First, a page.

Australian beer drinking at 66-year low
(AFP) Australians are known for a fondness for beer, but statistics released Wednesday put its consumption at a 66-year low and show it could soon be overtaken by wine.
The Australian Bureau of Statistics also found that Australians are drinking a little less alcohol overall.
"Beer is now at its lowest point in 66 years," said the bureau's Louise Gates.
While Australians are drinking less beer per person, continuing a downward trend which began in the 1970s, wine consumption has gone up.
The bureau, which estimates consumption based on the availability of alcoholic drinks, said in terms of pure alcohol, beer was down 2.3 percent in 2011-2012 on the previous year.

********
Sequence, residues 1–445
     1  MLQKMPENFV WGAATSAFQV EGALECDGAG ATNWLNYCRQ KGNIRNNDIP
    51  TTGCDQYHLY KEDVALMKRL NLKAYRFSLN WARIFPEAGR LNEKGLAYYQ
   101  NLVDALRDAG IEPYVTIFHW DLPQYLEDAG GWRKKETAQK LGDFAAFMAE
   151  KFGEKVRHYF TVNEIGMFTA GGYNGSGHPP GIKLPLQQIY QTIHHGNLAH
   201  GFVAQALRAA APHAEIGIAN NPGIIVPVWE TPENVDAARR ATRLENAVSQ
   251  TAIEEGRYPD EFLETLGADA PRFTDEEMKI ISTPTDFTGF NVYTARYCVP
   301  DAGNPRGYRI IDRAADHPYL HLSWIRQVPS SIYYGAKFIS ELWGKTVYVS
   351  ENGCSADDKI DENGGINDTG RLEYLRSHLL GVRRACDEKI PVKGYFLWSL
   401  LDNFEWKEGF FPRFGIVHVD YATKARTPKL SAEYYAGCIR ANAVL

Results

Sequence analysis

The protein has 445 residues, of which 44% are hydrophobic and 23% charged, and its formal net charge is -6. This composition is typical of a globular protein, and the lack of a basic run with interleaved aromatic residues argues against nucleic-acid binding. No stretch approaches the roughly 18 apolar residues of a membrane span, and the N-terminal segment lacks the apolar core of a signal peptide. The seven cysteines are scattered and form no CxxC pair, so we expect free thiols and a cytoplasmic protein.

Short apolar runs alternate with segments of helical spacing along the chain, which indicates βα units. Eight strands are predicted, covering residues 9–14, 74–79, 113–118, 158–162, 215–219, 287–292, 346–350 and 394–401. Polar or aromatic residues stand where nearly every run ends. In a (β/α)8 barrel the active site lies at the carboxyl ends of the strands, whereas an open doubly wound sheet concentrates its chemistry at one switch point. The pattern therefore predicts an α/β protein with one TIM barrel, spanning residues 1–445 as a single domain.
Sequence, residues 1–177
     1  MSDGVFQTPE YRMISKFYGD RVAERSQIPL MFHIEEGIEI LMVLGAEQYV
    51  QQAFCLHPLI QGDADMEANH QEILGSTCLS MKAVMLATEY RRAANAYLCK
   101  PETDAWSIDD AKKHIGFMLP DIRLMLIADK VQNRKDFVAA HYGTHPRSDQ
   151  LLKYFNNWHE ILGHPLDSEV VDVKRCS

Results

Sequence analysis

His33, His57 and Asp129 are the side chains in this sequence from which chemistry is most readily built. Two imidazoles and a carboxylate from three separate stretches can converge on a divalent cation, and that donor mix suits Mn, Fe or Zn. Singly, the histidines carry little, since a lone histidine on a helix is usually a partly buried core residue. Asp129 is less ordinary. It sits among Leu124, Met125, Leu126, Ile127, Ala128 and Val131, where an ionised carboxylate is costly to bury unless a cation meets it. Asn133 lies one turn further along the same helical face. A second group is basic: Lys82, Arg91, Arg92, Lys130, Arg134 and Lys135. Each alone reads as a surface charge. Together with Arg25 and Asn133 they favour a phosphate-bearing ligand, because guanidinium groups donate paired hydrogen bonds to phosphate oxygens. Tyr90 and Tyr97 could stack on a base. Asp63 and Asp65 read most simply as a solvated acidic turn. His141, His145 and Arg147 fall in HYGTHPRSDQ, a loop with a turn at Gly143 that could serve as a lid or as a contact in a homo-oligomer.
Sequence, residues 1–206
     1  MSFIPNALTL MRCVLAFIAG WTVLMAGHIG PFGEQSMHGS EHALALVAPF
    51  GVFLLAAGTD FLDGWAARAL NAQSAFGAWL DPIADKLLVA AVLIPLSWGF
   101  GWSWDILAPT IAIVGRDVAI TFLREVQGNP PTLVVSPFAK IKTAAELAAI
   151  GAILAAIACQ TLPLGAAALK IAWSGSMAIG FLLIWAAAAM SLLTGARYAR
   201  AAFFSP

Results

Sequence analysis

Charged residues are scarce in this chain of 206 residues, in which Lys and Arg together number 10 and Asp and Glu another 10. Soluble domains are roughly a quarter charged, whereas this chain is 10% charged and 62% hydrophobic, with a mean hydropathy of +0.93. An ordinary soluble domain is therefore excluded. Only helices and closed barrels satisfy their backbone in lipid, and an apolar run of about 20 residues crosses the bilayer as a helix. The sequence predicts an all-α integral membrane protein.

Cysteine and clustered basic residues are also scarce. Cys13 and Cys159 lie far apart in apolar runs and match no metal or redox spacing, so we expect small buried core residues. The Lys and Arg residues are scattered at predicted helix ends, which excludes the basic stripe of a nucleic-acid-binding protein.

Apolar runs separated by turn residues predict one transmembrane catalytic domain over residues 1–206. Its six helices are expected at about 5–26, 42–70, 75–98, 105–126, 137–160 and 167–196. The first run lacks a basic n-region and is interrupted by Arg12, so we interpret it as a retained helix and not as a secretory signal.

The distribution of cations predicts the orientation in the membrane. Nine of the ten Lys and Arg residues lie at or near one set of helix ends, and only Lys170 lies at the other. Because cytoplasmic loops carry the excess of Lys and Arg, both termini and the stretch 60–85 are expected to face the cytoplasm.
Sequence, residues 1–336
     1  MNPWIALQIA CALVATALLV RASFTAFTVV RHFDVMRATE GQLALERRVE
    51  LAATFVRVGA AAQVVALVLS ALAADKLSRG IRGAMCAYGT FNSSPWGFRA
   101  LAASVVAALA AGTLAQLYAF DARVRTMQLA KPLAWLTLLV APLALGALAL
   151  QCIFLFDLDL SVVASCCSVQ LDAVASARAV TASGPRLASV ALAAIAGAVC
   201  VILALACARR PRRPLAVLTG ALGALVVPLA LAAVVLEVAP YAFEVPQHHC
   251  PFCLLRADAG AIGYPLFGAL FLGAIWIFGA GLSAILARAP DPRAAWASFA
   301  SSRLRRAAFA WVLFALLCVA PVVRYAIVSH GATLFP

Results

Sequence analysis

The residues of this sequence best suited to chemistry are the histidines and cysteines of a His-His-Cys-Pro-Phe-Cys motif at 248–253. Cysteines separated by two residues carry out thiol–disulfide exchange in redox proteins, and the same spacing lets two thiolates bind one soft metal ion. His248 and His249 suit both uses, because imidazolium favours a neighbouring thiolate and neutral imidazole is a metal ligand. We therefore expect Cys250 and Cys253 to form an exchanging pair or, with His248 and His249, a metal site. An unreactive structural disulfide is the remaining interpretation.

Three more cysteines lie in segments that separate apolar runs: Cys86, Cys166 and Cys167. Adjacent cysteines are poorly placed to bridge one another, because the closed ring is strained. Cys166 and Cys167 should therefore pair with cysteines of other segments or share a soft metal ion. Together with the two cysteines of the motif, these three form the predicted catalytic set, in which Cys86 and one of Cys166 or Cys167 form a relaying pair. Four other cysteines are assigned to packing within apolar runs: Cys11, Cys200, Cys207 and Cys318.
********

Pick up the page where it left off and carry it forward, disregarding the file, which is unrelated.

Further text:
Wine, however, rose 1.9 percent over the same 12 months. Spirits experienced the largest fall, down 4.0 percent.
"The overall picture is that consumption of alcohol in Australia has fallen for a second year in a row; 2011-12 saw us drink 1.4 million litres less than we did in 2010-11, and 2.7 million litres less than in 2009-10," said Gates.
The figures showed that over the past 50 years, alcohol consumption in Australia had changed dramatically.
In particular, beer has dropped markedly, from about 75 percent of the pure alcohol available in 1961-62 to 41 percent 50 years later.
"Over the same period the proportion of wine has increased from 12 percent to 38 percent," the ABS said.
Alcohol abuse is considered a serious problem in Australia, where about one in five people drink at a level that puts them at risk of harm or injury over their lifetime, according to the National Drug and Alcohol Research Centre.